However, there are numerous challenges to the application of iPSCs for clinical use (Hanna et al., 2010). For one, the exact level of authenticity and experimental proof required for the safe use of iPSC and hESC derived gametes in the clinic is entirely unknown. To address this issue, there are at least three major areas that the research community can and should address before taking in vitro-derived gametes to the clinic. Firstly, the chromosomal composition of the iPSCs must be identical to the original patient from where they were derived. There is now sufficient data detailing the gene mutations and copy number variations arising in iPSCs during reprogramming and clonal expansion. It would be wise to carefully screen for these variation in patient-derived samples (Reviewed in Panopoulos et al., 2011). Moreover, frequent chromosomal aberrations arise during meiotic recombination so it would be necessary to examine the fidelity of meiosis in gametes in vitro. Secondly, it is important to check for the proper erasure and subsequent re-establishment of maternal and paternal imprints in PGCs derived from both iPSCs and hESCs. There is published work with hESCs and iPSCs that has attempted to characterize imprinting status and DNA methylation patterns in these derived cells; the preliminary evidence seems to indicate that in vitro derived hiPGCs appear to undergo partial to full imprinting erasure (Kee et al., 2009; Panula et al., 2010). Whether the correct imprints are restored later on during germ cell development remains unknown. Thirdly, the most infallible method to test full functionality of in vitro-derived gametes is to test their ability to fertilize, form a blastocyst and viable offspring. In the mouse, this has been tested despite the premature death of offspring (Nayernia et al., 2006). One obstacle is how can we overcome ethical boundaries and challenges to do similar tests with human gametes? Perhaps for now, the primary medical application of human stem cell-derived gametes would be to use them as a reproductive toxicological screen for pharmaceutical compounds and other chemicals.


5. Conclusions

In the last decade, much progress has been made in our understanding of mouse and human embryology and embryonic stem cells. We have learned that complex genetic pathways that underlie the pluripotency aspects of hESCs and mESCs also underline our inability to easily control and direct these cells toward a specific lineage. In addition, the advent of diverse strategies to ‘reprogram’ somatic cells has opened up an almost limitless access to patient-specific stem cells that if used correctly, could provide very powerful cell-based therapies. Scientifically, the biology of germline development has always been an popular area of exploration for embryologists and stem cell biologists, especially because germ cells are unique in their ability to transmit genetic information from one generation to the next. If we can understand how germ cells develop from ESCs at the cellular and molecular level, we can apply this information to the derivation of male and female gametes. The goals of gamete formation include: 1) to address immediate health issues such as infertility in men and women due to sperm and egg dysfunction or absence; 2) to produce gametes that can be fertilized and produce an almost limitless source of mammalian embryos and ESCs for the study of specific diseases; 3) to devise methods with which to target hereditary and non-hereditary germline mutations or chromosomal abnormalities during the earliest stages of germ cell production.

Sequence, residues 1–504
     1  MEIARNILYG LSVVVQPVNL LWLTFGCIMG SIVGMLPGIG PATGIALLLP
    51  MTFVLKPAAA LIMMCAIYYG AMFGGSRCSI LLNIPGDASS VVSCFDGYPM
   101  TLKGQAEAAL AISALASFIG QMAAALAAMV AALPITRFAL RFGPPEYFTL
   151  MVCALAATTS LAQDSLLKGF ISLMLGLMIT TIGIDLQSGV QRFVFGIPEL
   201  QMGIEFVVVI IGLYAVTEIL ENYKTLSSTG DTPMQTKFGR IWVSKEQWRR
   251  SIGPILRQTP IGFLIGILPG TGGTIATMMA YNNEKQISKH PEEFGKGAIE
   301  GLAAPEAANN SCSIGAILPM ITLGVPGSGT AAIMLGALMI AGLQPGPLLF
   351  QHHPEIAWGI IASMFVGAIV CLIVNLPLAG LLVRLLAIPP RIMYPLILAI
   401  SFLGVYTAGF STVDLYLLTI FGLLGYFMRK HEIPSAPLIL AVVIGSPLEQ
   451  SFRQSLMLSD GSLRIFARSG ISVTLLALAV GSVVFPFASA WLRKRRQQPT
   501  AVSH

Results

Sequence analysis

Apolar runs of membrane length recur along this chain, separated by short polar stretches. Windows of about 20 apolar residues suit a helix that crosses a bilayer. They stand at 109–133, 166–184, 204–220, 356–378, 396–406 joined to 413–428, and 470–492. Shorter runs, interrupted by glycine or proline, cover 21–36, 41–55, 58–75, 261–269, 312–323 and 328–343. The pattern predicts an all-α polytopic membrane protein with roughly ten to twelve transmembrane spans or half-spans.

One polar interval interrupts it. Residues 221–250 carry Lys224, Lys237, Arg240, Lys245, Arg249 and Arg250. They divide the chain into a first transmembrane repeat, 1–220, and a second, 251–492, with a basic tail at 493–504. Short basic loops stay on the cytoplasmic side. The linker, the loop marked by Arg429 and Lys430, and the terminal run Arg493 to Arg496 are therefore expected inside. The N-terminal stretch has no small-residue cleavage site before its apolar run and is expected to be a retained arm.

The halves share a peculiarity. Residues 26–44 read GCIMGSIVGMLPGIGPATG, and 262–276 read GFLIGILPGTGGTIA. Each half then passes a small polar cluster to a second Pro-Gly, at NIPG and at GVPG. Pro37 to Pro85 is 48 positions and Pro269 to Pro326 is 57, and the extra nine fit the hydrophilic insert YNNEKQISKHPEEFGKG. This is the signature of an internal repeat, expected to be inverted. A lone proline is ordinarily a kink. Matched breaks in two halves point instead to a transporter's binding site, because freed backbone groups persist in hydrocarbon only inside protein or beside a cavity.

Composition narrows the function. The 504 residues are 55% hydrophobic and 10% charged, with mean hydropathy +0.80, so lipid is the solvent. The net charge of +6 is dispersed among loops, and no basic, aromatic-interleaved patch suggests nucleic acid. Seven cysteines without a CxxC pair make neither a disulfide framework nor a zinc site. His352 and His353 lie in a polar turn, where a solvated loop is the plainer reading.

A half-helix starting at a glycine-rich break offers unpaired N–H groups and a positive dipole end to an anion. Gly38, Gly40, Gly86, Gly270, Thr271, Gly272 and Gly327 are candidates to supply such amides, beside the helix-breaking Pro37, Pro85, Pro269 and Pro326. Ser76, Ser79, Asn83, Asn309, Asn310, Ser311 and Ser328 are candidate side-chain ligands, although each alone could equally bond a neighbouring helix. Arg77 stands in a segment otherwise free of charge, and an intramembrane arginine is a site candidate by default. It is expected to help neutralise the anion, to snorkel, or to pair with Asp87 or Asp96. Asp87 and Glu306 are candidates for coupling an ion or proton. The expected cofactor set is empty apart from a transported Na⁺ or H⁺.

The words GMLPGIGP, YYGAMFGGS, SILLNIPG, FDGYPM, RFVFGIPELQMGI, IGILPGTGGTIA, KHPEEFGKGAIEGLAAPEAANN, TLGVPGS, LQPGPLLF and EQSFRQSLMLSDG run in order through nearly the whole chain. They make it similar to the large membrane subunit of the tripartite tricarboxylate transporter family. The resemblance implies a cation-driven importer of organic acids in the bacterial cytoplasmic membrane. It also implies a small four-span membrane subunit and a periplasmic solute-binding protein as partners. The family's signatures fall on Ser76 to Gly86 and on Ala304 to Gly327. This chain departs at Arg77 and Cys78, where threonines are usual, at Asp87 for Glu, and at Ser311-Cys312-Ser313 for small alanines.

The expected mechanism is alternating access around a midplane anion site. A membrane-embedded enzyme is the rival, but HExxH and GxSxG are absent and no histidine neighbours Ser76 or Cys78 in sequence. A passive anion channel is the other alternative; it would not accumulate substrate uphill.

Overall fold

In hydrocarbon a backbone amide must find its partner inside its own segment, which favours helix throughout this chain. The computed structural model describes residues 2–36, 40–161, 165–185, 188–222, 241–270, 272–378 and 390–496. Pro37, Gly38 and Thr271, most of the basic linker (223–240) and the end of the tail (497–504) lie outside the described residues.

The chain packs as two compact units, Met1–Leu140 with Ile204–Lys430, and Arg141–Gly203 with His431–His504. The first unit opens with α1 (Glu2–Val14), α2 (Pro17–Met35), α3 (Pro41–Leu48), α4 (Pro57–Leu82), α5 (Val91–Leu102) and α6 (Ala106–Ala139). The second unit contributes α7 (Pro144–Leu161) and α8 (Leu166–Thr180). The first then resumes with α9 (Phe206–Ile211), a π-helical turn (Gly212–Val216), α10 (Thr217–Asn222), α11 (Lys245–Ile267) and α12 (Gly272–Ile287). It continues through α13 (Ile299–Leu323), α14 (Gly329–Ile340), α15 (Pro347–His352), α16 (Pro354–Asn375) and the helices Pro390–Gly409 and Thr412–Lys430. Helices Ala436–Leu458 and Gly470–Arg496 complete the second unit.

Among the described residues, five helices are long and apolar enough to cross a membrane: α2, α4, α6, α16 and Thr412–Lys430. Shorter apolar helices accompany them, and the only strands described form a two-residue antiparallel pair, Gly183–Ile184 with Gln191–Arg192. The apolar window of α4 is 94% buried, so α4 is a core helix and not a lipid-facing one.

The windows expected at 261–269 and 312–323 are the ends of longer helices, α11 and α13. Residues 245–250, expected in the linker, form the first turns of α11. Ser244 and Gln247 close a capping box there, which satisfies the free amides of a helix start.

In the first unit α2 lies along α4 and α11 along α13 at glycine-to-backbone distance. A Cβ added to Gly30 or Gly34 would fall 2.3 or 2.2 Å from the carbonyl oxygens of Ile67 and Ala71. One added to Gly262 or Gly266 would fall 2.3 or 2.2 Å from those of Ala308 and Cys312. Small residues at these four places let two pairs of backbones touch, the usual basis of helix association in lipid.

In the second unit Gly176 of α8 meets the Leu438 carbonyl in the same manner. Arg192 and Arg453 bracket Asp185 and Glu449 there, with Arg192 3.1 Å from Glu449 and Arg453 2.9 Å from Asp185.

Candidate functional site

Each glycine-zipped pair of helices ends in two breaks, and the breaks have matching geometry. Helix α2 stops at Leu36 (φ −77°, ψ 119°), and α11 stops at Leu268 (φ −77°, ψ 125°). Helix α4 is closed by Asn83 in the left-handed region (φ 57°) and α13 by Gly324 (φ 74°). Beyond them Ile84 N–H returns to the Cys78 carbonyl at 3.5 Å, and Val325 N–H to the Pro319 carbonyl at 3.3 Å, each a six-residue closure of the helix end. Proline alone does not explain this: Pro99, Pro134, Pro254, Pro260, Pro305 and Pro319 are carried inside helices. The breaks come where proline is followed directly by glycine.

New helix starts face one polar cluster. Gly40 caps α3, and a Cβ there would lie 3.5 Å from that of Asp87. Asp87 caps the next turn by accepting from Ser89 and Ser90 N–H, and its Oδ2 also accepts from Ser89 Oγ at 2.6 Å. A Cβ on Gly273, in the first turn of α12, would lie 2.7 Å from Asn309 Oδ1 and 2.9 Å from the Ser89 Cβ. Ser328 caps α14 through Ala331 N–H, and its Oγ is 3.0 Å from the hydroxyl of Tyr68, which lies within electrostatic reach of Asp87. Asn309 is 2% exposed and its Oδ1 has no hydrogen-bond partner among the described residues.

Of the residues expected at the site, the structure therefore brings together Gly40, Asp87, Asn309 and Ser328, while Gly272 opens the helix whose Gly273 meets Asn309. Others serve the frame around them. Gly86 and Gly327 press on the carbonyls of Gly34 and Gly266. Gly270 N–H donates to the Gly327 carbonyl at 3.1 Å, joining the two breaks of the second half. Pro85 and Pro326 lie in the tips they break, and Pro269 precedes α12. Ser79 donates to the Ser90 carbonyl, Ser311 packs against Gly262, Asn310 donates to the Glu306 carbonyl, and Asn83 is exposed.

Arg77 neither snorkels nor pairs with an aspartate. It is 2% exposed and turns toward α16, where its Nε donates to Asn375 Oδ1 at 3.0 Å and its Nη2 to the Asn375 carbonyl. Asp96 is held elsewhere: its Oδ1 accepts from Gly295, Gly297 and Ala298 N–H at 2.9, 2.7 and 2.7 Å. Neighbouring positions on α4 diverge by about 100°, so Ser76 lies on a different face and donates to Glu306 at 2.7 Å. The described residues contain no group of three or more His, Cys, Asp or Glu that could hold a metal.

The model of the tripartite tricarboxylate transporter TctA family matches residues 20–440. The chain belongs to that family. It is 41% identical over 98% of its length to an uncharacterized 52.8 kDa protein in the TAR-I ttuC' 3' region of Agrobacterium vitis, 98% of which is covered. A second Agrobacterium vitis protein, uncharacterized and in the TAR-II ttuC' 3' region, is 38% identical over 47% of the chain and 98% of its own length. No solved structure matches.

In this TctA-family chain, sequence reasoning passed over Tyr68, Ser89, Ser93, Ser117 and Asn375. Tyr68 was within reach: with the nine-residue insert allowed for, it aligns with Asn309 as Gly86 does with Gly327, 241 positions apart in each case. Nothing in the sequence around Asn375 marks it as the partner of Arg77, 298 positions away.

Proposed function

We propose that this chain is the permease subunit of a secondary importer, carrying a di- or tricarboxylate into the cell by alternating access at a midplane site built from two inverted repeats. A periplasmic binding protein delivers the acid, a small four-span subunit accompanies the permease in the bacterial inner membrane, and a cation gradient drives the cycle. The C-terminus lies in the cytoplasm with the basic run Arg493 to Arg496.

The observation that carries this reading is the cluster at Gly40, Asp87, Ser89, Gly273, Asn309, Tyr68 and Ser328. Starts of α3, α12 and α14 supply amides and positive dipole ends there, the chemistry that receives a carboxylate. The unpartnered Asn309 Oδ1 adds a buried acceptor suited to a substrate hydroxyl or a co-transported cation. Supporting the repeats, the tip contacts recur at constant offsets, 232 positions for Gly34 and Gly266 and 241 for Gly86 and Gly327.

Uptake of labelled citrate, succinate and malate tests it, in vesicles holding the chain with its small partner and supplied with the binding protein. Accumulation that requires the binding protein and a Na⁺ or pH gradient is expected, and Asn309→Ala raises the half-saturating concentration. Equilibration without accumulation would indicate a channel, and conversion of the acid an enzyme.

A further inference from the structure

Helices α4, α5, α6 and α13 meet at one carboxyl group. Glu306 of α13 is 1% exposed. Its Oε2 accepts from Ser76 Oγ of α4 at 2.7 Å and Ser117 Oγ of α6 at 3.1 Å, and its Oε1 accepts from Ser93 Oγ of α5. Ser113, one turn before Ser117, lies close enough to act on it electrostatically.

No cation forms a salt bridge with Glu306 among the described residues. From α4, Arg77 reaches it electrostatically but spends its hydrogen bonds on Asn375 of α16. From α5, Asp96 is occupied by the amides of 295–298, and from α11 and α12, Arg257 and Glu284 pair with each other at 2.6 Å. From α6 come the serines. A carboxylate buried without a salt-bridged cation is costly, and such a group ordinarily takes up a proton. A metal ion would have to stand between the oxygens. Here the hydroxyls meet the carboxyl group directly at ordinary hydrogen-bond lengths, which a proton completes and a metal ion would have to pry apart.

The studies summarized in this review have shown that multipotent ES-like SSCs can develop into somatic cells of all three germ layers, but their ability to differentiate to the germline remains unclear or untested. In addition, it is believed that SSCs may only be multipotent and will be useful only for autologous transplantation and maybe for only a few tissue types. In this regard, one promising avenue for SSCs is differentiation down the spermatogenic pathway. Finally, there is a limited expansion potential of SSCs compared to iPSCs or hESCs and the imprinting status of these cells is less well defined than that of hESCs. A similar approach as used by Kee et al. in 2009 to overexpresss DAZ genes in hESCs could potentially be applied to differentiate SSC’s to spermatids or sperm in vitro. Alternatively, one could envision that the research on in vitro-derived human oocytes could be similarly advanced and lead to a better understanding of the concept that there are renewable ovarian stem cells in humans. In conclusion, the potential of ESCs and iPSCs to be used for cell-based therapy is now being realized. Major challenges, both scientific and clinical, still exist in deriving germline cells that look and behave as reliably as their natural counterparts. With further advances in technology and the elucidation of new pathways in gerrmline function in the mouse and human systems, we predict that these challenges can be met and overcome in the future.


  • Mouse and human embryonic stem cells provide the ideal substrate for germline differentiation, both in vivo and in vitro.

  • The mammalian germline is established as primordial germ cells immediately prior to gastrulation in mice and humans, and undergo similar physiological and molecular events.

  • Induced pluripotent stem cells (iPSCs) and adult stem cells may provide alternative sources of pluripotent and multipotent stem cells with less potential for host rejection and decreased tumorigenicity.

  • Testicular stem cells with multipotent and even pluripotent potential have been isolated in mouse models and, more recently, in humans.

  • The in vitro derivation of early male and female germ cells is now achievable from mESCs, hESCs and human iPSCs with the application of various reporter systems and through embryoid body (EB) formation.


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Written By

Cyril Ramathal, Renee Reijo Pera and Paul Turek

Submitted: December 22nd, 2010 Published: September 15th, 2011